Media coverage of Tesla’s offer to acquire SolarCity last week was largely focused on the complications of the deal created by conflicts of interest due to Elon Musk’s overlapping roles as Tesla’s CEO and Chairman of SolarCity. This deal does however also show the growing role and importance of solar power as a source for renewable energy. This example is especially strong, with Tesla representing a shifting industry that relies heavily on finite resources. With photovoltaics in the spotlight, this Cipher Snapshot aims to explore the field and map out key players and trends in the market.
Figure 1 gives a snapshot of the market, looking at size and growth rate from the past three years. Sharp stands out as leading the pack on portfolio size by a large margin. However its portfolio is declining, enabling other companies to take the lead. German and some American companies exhibit incumbent behaviour with relatively large portfolios and low growth rates. Most momentum is exhibited by DelSolar and Hanwha Techwin (Taiwanese and Korean companies respectively). They have medium-sized portfolios with high growth rates closing in on the IP leaders.
Figure 2 shows granted and pending patent families held by the different companies. Sharp, Bosch and Schott hold the most patents, but have very different portfolio compositions in terms of the granted/pending split. Excluding Sharp, German companies seem to have the biggest pipelines in absolute terms with Bosch, Schott, SMA and SolarWorld having substantial pipelines.
In Figure 3 we can see Photovoltaics patenting activity broken up into two technologies; Solar cells” (the actual make-up of the cells) and “System” (cells combined with batteries, converters, power management etc.).
Overall, filing activity hit a high between 2009 and 2011. Solar cell patenting exhibits strong fluctuation throughout the years with the highest filing activity in 2009. System patents show a steadier and slightly positive development in activity with the exception of 2011 when system filings massively surged.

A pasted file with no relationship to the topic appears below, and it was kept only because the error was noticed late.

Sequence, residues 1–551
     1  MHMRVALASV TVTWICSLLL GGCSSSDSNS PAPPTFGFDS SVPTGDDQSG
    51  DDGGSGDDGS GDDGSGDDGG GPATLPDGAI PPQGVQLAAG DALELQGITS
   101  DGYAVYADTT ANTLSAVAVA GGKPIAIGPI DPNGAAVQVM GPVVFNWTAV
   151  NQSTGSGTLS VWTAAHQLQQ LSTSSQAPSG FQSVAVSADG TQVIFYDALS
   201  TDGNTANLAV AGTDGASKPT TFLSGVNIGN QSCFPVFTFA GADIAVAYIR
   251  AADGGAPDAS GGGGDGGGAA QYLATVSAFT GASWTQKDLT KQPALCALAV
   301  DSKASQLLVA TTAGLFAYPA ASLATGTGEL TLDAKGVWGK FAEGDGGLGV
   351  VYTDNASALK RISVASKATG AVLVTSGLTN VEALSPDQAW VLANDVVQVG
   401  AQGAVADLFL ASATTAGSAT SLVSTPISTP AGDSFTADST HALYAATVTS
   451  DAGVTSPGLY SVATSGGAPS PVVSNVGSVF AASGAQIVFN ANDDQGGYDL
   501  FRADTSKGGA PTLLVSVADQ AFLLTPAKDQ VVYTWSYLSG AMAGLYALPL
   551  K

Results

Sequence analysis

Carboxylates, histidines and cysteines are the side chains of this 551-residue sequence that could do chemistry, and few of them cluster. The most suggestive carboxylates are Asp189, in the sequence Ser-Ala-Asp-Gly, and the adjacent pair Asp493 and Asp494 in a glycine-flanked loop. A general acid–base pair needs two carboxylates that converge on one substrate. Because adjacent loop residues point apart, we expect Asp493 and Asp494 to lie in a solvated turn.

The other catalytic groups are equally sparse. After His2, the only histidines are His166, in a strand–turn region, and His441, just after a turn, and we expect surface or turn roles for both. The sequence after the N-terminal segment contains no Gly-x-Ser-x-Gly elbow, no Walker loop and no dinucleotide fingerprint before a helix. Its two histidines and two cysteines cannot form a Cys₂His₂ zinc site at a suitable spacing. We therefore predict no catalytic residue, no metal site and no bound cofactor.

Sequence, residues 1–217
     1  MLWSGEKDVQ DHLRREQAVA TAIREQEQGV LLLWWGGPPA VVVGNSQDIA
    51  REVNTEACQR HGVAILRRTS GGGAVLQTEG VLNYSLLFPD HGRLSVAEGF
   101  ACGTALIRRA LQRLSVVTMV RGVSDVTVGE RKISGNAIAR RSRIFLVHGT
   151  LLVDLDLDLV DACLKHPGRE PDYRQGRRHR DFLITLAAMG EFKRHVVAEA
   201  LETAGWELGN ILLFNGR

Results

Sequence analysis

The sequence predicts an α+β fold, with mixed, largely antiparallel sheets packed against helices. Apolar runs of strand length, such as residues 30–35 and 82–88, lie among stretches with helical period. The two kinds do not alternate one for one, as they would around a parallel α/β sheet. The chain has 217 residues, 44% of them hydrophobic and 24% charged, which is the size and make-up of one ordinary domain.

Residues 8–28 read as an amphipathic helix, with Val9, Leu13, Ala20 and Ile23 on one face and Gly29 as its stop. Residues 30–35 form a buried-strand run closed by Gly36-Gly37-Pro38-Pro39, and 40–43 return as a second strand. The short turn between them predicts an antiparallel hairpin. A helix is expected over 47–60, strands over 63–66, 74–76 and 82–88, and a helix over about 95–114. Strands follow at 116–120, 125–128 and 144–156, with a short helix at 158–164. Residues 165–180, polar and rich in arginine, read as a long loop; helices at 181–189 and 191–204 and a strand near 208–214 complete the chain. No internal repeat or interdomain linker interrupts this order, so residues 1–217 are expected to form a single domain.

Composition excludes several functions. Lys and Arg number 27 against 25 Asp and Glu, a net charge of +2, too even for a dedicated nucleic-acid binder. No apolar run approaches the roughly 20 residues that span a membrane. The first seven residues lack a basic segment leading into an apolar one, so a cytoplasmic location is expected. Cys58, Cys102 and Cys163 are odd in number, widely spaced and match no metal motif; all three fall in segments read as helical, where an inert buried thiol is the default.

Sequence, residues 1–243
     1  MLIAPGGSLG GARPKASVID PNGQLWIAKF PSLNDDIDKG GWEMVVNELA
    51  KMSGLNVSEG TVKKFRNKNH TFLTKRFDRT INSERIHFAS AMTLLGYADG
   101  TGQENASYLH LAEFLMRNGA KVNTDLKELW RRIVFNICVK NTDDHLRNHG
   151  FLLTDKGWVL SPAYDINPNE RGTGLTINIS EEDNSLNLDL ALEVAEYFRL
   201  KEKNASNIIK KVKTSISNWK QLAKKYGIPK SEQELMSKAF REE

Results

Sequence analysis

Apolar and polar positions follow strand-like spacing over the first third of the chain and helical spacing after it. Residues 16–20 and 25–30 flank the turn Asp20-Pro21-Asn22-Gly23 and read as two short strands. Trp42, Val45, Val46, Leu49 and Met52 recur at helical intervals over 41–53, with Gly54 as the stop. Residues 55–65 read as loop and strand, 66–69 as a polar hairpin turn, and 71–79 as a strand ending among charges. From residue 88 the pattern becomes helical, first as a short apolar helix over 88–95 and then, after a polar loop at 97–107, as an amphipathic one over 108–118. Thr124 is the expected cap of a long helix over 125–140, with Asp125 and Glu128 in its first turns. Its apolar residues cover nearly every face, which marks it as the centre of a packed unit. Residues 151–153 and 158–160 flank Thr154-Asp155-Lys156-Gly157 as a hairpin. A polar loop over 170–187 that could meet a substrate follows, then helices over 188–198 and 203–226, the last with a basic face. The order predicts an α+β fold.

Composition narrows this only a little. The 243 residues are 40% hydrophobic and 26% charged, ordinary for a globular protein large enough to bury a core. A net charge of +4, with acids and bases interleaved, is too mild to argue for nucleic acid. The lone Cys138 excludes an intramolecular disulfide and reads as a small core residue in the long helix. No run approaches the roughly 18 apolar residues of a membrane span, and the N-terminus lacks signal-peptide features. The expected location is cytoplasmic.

Combining companies and technologies, Figure 4 shows the companies’ share size and its growth/decline in the past five years. Although previous charts showed a general increase in patenting, this view shows that there has been a change in terms of who is growing most, when comparing the players relative to each other.
Among the large players, Sharp and Schott Solar stand out with declining share of the patents relative to the rest while Bosch is evenly split technology-wise and growing in both areas. The greatest growth can be found among the smaller Chinese and Asian companies.
Table 1 explores the companies’ territorial coverage and we see widely different strategies. Chinese and US companies mainly pursue their home territory. German and Asian (non-Chinese) companies, on the other hand, have a broad geographic profile with strong coverage in the US, favouring it ahead of their respective home markets. This is surprising as it goes against common Asian company pattern of quite narrow home market protection.
The activity in the photovoltaics market shows global momentum, with German, Asian and American companies playing for pole position. Sharp is a strong leader but the rest of the field is closing in. Other Asian companies such as DelSolar and Hanwha Techwin are making up a lot of ground with geographically broad patent portfolios.
Whatever the outcome, we can be certain that the increased global competition we see in the photovoltaics market will drive further innovation in this sector.
This Cipher Snapshot can also be accessed from the Aistemos website here.